What I’ve got below is an annotated and slightly edited version of my own cover letter. I’ll mention at the outset that as letters go, it was pretty effective: I received manuscript requests from over half the agents I queried. (I would venture to say that my letter is better than my novel. Ah, well.)....(read more)
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As you probably know, I went the Indie route with my first book I Serve, and after learning the ropes of book production and marketing, my husband and I decided to start our own publishing company. Jessica Knauss had a guest post this week about the "Pros and Cons of Small Presses." I thought that her post was very valuable for new authors trying to decide whether to sign on with a small press. Many of her Pros were right on the money:
• Welcoming. Debut authors tend to get an unbiased reception.
• Quick. A small staff can mean less bureaucracy and an easier decision process....
• Collaborative. It is likely that you, as the author, will have some say in the design of your book and its cover and possibly even release dates.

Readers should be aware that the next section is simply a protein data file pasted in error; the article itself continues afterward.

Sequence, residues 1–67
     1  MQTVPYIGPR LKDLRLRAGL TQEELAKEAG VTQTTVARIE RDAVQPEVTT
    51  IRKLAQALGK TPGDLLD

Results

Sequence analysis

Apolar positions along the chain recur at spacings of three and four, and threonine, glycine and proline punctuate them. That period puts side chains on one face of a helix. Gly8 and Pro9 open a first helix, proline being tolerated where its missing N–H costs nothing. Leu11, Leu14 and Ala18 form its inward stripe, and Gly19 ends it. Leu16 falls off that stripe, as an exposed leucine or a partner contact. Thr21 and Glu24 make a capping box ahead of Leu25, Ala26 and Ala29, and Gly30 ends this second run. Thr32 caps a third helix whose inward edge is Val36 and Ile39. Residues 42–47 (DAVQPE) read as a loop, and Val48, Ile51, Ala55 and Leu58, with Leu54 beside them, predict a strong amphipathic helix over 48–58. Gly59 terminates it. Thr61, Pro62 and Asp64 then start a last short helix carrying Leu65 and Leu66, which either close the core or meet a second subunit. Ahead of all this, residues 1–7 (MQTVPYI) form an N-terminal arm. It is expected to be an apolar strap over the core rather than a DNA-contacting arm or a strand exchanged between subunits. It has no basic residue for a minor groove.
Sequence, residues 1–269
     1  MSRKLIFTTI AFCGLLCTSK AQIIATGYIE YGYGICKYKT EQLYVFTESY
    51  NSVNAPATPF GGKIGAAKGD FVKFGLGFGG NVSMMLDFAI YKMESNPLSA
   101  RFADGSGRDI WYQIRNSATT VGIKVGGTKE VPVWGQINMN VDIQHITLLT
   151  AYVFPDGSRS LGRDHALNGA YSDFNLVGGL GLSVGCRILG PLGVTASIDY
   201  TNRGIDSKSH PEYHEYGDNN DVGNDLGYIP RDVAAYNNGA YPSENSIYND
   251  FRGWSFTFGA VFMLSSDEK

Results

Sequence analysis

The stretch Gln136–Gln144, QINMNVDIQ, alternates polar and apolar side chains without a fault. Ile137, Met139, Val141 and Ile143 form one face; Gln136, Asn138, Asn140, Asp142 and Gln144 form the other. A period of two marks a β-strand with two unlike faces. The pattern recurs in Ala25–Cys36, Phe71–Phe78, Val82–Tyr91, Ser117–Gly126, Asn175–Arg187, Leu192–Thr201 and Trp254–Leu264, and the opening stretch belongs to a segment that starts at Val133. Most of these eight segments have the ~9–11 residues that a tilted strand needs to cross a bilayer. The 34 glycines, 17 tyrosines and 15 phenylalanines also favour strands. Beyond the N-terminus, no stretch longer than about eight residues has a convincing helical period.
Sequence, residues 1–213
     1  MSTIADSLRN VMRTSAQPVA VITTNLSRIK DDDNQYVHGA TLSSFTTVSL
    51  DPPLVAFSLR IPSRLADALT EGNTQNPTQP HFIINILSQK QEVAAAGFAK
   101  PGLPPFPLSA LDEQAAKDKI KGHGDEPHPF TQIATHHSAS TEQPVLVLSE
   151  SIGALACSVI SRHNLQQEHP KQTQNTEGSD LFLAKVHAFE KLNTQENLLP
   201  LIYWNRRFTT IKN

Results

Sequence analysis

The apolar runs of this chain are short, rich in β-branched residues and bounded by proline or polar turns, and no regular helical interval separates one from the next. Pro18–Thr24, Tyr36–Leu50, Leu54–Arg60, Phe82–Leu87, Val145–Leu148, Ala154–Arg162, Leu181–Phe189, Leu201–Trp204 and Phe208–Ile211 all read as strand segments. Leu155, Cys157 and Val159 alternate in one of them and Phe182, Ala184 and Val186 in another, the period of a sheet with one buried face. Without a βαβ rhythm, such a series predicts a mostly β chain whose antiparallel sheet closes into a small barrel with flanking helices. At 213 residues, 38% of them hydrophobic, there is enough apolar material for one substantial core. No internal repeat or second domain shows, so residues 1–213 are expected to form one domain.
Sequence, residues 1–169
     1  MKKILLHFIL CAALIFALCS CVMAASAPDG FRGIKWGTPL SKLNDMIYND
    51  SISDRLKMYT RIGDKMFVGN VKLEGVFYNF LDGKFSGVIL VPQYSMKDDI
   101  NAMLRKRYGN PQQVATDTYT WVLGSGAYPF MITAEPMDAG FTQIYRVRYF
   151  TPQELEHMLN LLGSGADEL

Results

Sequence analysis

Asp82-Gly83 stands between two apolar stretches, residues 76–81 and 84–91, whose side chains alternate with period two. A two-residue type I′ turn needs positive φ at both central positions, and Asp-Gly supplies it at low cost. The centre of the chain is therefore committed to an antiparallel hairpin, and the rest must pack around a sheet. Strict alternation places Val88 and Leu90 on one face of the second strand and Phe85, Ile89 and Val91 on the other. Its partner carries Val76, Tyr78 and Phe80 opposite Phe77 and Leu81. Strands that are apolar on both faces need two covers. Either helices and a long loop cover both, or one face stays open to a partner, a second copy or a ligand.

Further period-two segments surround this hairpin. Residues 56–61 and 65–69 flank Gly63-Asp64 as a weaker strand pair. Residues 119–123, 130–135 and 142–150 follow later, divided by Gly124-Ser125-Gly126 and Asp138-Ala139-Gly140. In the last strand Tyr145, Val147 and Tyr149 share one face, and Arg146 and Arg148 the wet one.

• Creative. Small presses interested in their authors’ welfare and their own future will work with you to implement effective, low-cost marketing solutions and make the most of whatever resources are available.... (read more)
Her Cons were also insightful--no advances, a smaller level of distribution--but I was happy to see that one of them most emphatically does not apply at our company. Just because we're a small press does not mean that we offer authors a lower royalty than a big publisher would. At Madison Street Publishing our philosophy is author-centric, and we're committed to giving the lion's share of the profits to the one who actually created the book.